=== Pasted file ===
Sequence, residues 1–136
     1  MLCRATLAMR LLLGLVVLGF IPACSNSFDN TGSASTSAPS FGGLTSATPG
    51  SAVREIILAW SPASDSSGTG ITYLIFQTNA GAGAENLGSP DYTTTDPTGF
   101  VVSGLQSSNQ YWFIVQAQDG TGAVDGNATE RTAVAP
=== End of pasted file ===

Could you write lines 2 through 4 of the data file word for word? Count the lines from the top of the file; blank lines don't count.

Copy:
     1  MLCRATLAMR LLLGLVVLGF IPACSNSFDN TGSASTSAPS FGGLTSATPG
    51  SAVREIILAW SPASDSSGTG ITYLIFQTNA GAGAENLGSP DYTTTDPTGF
   101  VVSGLQSSNQ YWFIVQAQDG TGAVDGNATE RTAVAP